News / Asia

China and Japan Trade Verbal Spars Over Disputed Islands and Minerals

Japanese Prime Minister Naoto Kan has decided he will attend an Asia-Europe summit next week, which opens the possibility of a meeting with his Chinese counterpart, Wen Jiabao.  While no discussions have been arranged so far for the two men in Brussels, they would have many issues to discuss.  

Chinese officials continue to demand that Japanese vessels stop shadowing two Chinese patrol boats in a disputed area of the East China Sea.  Chinese Foreign Ministry spokeswoman Jiang Yu says China has a right to keep the area safe.

"The waters off the Diaoyu islands have been a regular fishing area for Chinese fishermen," said Jiang Yu. "China sending fisheries ships to enforce the law is based on the relevant laws and regulations, and they carry out fishery administration activities to protect the fisheries' ecology and protect the safety of Chinese fishermen's lives and property. We hope that Japan will halt interfering with Chinese fisheries law enforcement vessels."

She also said Japan should take "concrete steps" to repair the relationship.  China-Japan relations have hit a low point since Japan arrested a Chinese fishing boat captain earlier this month near the island chain known to China as Diaoyu, and to Japan as Senkaku.  

Japan's Minister of Foreign Affairs, Seiji Maehara, maintains the islands are Japanese territory.

"There are no territorial disputes in the East China Sea. Senkaku islands are our own territory, and we will defend our sovereignty," said Seiji Maehara. "There should be no changes in our stance in that in the future."

Meanwhile Banri Kaieda, Japan's State Minister for Economic and Fiscal Policy, is calling for a quick improvement in ties with China by ending a ban on the export of specialized minerals.

"China's current de facto ban on rare earth metal exports, and I emphasize de facto, could cause great damage to Japan's economy," said Banri Kaieda.

China denies it has banned the export to Japan of so-called rare earths, which are essential to the manufacture of many high-tech products.  But traders have told news organizations since last week that shipments of the minerals have halted, and the Japanese government said it is seeking clarification from Beijing.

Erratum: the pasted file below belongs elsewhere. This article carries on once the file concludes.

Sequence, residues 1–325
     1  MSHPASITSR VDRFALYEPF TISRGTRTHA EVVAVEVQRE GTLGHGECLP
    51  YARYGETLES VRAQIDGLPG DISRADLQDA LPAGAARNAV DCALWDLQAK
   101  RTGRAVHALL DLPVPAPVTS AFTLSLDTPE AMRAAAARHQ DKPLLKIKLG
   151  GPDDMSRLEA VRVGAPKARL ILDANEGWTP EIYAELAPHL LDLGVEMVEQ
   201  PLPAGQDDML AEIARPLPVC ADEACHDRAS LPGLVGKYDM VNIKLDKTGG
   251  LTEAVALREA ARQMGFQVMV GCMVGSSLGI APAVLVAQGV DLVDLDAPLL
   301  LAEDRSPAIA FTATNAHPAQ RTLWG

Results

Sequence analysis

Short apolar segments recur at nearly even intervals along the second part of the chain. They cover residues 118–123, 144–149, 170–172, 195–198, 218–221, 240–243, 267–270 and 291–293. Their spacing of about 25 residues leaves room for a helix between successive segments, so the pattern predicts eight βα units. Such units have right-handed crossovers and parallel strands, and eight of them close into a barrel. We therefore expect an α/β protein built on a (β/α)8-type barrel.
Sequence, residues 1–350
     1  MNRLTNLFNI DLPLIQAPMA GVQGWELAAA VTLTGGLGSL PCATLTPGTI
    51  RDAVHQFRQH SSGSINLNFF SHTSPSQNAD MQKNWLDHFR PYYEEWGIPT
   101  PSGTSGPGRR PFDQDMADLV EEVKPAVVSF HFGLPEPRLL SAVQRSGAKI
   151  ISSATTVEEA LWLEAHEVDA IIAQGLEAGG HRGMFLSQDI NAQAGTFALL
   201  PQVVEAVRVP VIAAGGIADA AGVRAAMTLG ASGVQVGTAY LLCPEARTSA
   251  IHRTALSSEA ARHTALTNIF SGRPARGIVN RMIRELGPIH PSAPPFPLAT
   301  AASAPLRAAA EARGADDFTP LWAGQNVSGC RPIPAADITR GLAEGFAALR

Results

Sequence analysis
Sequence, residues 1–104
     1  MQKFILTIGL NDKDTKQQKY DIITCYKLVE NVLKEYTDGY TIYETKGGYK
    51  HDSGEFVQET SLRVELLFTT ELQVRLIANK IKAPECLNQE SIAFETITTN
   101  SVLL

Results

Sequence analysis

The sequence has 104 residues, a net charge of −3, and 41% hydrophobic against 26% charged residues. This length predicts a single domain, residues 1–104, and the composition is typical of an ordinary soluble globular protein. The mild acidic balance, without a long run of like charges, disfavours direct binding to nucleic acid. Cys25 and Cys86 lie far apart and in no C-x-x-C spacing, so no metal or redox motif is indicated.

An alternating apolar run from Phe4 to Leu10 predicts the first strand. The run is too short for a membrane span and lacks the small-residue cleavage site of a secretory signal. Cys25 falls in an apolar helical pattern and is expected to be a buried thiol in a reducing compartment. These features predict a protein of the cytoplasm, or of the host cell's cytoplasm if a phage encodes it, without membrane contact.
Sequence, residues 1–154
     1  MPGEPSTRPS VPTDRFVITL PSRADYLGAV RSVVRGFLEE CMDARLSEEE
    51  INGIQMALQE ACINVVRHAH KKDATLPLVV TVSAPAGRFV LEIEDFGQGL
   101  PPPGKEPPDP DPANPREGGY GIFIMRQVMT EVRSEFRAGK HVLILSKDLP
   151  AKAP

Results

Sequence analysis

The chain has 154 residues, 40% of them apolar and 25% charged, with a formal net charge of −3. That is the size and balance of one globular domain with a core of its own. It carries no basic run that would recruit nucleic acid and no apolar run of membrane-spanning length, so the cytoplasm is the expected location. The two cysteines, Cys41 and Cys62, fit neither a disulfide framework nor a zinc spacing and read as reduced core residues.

China produces more than 90 percent of the world's supply of rare earths, which are used in such products as computer disk drives and hybrid cars.

Japanese data shows that China became Japan's biggest trading partner last year and bilateral trade reached $150 billion from January through June this year.  


Jim Stevenson

For over 35 years, Jim Stevenson has been sharing stories with the world on the radio and internet. From both the field and the studio, Jim enjoys telling about specific events and uncovering the interesting periphery every story possesses. His broadcast career has been balanced between music, news, and sports, always blending the serious with the lighter side.

You May Like

Could Nemtsov Threaten Putin in Death as in Life?

Dynamic and debonair opposition leader had supported liberal economic reforms, criticized Russian president's aggression in Ukraine More

Oil Smuggling Highlights Challenges in Shutting Down IS Finances

Pentagon spokesman says Islamic State 'certainly continues to get revenue from the oil industry black market' but that airstrikes have made a dent More

India Focuses on Infrastructure, Investment to Propel Economy

Government expects economy to grow at 8 to 8.5 percent in next fiscal year More

This forum has been closed.
Comments
     
There are no comments in this forum. Be first and add one

Featured Videos

Your JavaScript is turned off or you have an old version of Adobe's Flash Player. Get the latest Flash player.
US Supreme Court Hears Hijab Discrimination Casei
X
Katherine Gypson
February 25, 2015 11:30 PM
The U.S. Supreme Court has heard opening arguments in a workplace religious discrimination case that examines whether a clothing store can refuse to hire a young woman for wearing the headscarf she says is a symbol of her Muslim faith. Katherine Gypson reports from the Supreme Court.
Video

Video US Supreme Court Hears Hijab Discrimination Case